If you were challenged to identify the single most dominant theme in the Bible—both Old and New Testaments—you would be hard-pressed to make a better choice than love. The Old Testament describes for us a loving God faithfully looking after His wayward people. King David proclaims the Lord’s faithfulness over and over in his Psalms. And then in the New Testament, Jesus teaches us about the love between the Father and the Son, exhorts His disciples to love one another as He has loved them, and demonstrates God’s love by dying for fallen mankind. The Apostle John exhorts believers time and again to love one another.
Most Christians have heard sermons teaching and preaching about the agape love of God: a love that is unmerited, unconditional, faithful, and long-suffering. Agape love is a sacrificial love that seeks the best for another: “Greater love has no one than this, that one lay down his life for his friends” (John 15:13).
The month of February inevitably brings the topic of love to our minds, and it is a good thing to be reminded that we are invited into a personal relationship with the loving Creator and Lord of the universe and exhorted to love others as He loves us. And with this comes the wonderful irony of God-love: even as it is intrinsically self-sacrificing and other-serving, practicing agape love is the most selfish thing we can do: It is as good for us as it is for those we love!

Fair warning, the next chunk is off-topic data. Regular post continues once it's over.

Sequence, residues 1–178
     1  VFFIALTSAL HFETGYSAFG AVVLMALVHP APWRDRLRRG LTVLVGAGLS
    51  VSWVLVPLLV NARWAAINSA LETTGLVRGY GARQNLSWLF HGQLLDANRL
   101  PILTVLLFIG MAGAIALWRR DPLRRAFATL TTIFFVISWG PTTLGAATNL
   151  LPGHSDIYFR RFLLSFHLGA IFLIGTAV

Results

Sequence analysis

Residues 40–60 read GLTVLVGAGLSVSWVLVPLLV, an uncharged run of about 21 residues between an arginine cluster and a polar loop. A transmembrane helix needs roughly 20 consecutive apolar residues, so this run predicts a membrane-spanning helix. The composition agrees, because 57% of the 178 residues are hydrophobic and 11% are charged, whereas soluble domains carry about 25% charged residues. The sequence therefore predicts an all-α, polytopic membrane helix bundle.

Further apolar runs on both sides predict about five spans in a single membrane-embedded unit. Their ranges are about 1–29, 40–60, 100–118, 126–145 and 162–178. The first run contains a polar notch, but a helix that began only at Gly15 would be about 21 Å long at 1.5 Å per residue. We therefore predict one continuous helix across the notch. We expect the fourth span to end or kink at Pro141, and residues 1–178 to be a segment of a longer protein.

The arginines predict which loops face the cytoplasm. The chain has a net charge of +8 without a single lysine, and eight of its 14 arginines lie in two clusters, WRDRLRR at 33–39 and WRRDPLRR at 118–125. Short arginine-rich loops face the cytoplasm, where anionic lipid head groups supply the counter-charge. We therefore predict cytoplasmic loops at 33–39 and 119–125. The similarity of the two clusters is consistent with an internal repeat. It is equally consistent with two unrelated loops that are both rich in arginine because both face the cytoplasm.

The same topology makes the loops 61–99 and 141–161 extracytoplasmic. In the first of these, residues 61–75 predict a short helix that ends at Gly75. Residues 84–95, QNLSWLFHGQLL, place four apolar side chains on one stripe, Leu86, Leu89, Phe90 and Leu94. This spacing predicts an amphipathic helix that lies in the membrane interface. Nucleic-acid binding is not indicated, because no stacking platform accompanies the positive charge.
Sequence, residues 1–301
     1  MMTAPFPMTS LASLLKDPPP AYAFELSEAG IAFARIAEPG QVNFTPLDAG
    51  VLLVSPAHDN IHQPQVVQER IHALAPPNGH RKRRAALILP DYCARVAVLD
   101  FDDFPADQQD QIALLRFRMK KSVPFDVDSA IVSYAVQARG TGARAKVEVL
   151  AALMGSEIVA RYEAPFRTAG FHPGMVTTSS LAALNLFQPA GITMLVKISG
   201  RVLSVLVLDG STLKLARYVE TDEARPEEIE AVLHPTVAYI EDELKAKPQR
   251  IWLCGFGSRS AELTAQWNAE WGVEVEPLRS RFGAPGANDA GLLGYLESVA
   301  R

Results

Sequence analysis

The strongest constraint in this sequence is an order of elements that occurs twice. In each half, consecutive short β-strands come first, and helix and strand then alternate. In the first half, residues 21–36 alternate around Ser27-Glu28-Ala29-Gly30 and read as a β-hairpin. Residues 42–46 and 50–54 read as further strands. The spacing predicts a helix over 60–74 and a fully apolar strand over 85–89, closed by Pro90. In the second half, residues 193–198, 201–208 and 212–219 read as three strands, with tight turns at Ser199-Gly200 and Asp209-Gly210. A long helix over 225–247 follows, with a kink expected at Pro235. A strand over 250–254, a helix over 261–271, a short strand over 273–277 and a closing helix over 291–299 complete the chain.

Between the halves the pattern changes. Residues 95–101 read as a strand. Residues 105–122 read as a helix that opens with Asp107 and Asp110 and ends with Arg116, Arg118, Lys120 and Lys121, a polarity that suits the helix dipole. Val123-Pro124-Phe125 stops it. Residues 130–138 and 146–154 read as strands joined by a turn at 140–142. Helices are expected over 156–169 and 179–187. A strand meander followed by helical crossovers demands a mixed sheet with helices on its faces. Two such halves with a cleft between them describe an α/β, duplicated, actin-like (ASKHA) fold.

In my counseling practice, I often remind clients of God’s economy: He does not endorse the good of one at the expense of another; rather, the Lord has ordered His creation as an expression and manifestation of His nature: desiring good for all, at all times. And so it is entirely consistent that Love Himself would create us to be blessed as we love. As science has begun to look at the links between spiritual, mental, emotional, and physical well-being, we have discovered that being “in love” boosts our immune systems; loving acts of kindness increase our “feel-good” hormones; spiritual connection with God and others provides a sense of connectedness and security as well as boosting our immune system. But above and beyond this, exercising our God-love muscles enables us to partake in the very nature of our Lord and participate in His eternal kingdom’s work.
To be sure, attempting to exercise agape love for self-serving reasons would miss the point and the benefits of exercising such love. But as we consider the reminder to love, may we also remember that our Lord calls us to love others because He loves us as much as He loves others.